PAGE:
Jan 03, 2013 - 2:11 pm
Since my tumor was discovered I haven't seen a medical oncologist. I went straight to our university urology department and saw the surgeon and he advised a radical nephrectomy. From my reading, and talking to my uncle, who is a medical oncologist, although retired about 7 years, it looked clear that it had to come out. I didn't get second opinions.
Now that the tumor is removed, I'm looking around at clinical trials to see if there's anything that could help reduce my chances of recurrence, which appears to be quite high with my stage and grade.
There are 2 in my area that are available (possibly a third). I'm trying now to get into a medical oncologist to help me pick one. That's turning into being a bit problematic. I'm now what is considered a "new patient", and probably also considered cancer free, so the appointment dates I'm being given are weeks away. Some of trials require you to start the drugs within a certain number of weeks of having the nephrectomy, so I'm pushing to get my appointment date moved up.
The two most likely candidates are votrient (pazopanib) and afinitor (everolimus). The votrient appears to be slightly more toxic and have more serious side effects, but also appears to be slightly more effective.
Although I'm going to wait until I see the medical oncologist to choose, I'm wondering if anyone here has advice on which one is more likely to be effective? Is it always like that, that the more effective drug also has more side effects and higher toxicity?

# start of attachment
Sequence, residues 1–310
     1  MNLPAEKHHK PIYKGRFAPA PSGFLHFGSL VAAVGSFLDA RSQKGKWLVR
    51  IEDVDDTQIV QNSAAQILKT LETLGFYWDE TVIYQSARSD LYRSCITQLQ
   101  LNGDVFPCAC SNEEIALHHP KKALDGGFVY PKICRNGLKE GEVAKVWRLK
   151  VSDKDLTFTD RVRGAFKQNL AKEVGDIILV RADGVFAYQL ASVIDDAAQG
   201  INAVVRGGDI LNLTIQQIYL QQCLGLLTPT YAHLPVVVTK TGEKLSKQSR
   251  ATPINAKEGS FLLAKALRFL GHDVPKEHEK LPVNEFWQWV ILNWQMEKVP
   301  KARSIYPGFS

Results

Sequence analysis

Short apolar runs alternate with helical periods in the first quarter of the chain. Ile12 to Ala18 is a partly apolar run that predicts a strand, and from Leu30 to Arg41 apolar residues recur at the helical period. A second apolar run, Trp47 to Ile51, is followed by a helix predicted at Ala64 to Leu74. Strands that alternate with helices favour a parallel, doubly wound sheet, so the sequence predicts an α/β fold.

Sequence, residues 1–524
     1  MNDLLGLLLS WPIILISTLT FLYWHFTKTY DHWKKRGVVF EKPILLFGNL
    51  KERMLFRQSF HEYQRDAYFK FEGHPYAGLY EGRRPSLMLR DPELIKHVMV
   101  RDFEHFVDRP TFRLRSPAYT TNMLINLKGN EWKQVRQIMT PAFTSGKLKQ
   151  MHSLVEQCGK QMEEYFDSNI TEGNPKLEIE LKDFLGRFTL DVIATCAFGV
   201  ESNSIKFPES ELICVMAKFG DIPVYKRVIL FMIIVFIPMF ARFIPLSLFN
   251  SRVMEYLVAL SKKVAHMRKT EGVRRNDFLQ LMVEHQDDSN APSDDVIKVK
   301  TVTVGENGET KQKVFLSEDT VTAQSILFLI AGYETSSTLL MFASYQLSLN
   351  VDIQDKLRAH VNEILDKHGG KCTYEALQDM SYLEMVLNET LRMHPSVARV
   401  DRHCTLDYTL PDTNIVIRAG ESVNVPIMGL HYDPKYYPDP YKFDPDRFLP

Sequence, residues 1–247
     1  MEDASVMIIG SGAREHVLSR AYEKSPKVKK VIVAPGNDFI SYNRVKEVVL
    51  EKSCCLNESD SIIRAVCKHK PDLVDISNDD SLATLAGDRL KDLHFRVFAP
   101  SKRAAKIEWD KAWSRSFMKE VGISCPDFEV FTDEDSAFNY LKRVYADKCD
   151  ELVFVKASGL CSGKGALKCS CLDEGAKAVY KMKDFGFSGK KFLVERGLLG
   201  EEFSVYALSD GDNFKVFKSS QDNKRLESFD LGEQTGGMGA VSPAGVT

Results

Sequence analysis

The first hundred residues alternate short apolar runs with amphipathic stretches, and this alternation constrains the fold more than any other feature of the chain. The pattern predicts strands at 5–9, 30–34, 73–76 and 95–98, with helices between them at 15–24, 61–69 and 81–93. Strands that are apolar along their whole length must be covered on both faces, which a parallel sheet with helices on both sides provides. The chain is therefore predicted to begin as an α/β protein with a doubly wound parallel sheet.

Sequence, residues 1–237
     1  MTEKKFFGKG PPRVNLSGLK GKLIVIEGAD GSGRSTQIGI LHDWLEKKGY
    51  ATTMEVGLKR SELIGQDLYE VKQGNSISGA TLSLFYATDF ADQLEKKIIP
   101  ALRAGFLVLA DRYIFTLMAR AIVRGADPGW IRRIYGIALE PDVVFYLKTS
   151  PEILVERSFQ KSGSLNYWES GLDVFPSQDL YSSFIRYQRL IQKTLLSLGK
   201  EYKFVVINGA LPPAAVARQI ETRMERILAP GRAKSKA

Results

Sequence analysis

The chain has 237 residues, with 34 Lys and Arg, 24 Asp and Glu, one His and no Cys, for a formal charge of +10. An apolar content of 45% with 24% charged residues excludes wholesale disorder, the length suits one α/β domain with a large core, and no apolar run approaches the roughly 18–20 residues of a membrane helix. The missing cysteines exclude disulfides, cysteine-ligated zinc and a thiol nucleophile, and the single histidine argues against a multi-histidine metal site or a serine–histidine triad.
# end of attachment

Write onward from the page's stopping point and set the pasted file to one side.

Both trials are double-blind studies with a placebo arm. I'm not too excited about possibly being put in a placebo arm and receiving no treatment. On the other hand, if that's a risk I have to take, then I suppose I may go ahead and do it.
I'm having trouble deciding if I should see one of the PI's of the clinical trials for advice, or if I should try and find a medical oncologist that is independent of the trials for advice. I suppose I'm worried the PI's will push their study, but that may be an unfounded concern. Just finding medical oncologists with an interest and experience in RCC has been challenging. I'm lucky in that I live in an area with 3-4 major cancer centers within driving distance, so I should count my blessings. Picking is an issue, and then getting in is the second issue.
I'm very glad I found this board to at least vent some thoughts and feelings (and read other's experiences as well).